Definition - What does Swami Vivekananda mean?
Swami Vivekananda (1863-1902) was a Hindu monk who played a key role in introducing yoga and Hindu philosophy to the Western world. He was a follower of Ramakrishna, a 19th-century yogi and mystic. Born Narendranath Datta, Swami Vivekananda came from an affluent Calcutta family.
Swami Vivekananda melded Advaita Vedanta philosophy with yoga and Tantra, as well as his guru's teachings of divine manifestation. He emphasized mental discipline and selfless work, along with worship, to reach the ultimate goal of freeing the soul.
Yogapedia explains Swami Vivekananda
Swami Vivekananda gained world prominence in 1893 with his talk at the World Parliament of Religions, held in Chicago. Not only did he introduce and raise awareness of Indian philosophy in the West, he spurred a revival of Hinduism back home in India. For more than two years afterward, he traveled the United States and England promoting yoga and Hinduism.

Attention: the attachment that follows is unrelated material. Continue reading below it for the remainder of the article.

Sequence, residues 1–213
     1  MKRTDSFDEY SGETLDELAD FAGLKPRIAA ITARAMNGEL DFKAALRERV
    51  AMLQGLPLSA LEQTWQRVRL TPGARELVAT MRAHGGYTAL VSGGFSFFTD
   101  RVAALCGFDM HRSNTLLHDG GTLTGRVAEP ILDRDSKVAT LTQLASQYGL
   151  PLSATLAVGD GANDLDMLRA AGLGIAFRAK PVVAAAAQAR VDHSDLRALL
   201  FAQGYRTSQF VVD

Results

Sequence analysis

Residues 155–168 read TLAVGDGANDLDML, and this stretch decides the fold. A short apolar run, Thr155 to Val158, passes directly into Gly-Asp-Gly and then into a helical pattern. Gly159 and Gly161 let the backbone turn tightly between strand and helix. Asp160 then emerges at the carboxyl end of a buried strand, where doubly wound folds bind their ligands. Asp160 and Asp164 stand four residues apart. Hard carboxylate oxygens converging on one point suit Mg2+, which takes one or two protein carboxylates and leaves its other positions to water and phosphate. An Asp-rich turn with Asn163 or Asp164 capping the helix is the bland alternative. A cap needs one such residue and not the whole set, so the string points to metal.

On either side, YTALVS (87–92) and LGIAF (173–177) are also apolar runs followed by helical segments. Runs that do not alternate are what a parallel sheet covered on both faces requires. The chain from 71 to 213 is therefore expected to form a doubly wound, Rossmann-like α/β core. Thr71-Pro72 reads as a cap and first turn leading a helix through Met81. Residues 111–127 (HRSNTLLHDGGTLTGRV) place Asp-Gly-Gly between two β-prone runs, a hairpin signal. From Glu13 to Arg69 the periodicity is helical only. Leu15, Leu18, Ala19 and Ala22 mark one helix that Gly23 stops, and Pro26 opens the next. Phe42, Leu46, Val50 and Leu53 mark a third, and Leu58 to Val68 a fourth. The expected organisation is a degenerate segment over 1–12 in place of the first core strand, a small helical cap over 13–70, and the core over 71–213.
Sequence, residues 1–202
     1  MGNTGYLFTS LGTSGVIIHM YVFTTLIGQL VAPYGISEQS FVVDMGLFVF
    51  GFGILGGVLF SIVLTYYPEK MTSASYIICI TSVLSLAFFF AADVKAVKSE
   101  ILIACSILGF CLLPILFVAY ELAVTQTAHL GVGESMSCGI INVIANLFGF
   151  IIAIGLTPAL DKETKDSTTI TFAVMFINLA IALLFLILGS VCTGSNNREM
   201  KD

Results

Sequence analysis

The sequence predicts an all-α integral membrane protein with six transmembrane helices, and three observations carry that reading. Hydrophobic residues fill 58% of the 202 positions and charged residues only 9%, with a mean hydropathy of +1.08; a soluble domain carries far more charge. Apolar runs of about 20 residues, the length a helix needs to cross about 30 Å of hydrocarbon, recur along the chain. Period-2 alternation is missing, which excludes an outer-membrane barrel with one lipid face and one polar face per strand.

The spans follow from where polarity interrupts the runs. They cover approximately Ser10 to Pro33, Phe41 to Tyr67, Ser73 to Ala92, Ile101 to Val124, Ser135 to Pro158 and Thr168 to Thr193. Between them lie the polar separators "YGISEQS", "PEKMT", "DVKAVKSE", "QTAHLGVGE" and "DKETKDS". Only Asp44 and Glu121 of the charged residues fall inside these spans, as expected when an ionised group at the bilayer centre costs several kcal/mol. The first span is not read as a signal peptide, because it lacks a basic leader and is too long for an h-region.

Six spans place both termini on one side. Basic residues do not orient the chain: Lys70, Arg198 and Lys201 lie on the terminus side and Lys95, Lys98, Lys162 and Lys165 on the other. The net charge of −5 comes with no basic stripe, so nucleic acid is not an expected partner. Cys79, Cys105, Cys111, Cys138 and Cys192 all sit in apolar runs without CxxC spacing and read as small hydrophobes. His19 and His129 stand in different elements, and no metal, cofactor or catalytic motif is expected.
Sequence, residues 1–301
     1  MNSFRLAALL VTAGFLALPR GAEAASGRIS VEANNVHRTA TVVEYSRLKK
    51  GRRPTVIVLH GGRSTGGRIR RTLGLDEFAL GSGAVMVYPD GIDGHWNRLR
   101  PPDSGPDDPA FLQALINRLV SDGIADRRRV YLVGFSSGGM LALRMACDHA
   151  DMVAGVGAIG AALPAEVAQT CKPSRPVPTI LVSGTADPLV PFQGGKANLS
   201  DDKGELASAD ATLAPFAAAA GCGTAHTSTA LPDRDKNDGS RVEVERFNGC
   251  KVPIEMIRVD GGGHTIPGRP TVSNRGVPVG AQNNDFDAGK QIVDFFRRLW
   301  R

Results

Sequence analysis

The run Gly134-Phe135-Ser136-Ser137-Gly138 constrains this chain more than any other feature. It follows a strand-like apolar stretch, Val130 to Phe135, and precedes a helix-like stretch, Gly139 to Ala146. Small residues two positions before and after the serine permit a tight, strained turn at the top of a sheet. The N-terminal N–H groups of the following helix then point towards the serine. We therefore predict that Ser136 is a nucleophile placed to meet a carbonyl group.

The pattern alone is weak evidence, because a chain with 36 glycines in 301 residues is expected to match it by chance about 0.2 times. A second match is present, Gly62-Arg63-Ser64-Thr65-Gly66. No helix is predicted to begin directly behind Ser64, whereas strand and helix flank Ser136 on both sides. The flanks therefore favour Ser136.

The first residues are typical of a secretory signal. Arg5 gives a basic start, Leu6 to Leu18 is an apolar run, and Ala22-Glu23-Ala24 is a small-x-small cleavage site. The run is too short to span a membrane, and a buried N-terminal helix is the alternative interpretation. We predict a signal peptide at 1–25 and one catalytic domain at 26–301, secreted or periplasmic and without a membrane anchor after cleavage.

In 1894, Swami Vivekananda founded the Vedanta Society of New York, which still exists. Three years later, he founded the Ramakrishna Mission near Calcutta, which continues to serve the poor and disadvantaged through social service programs and education.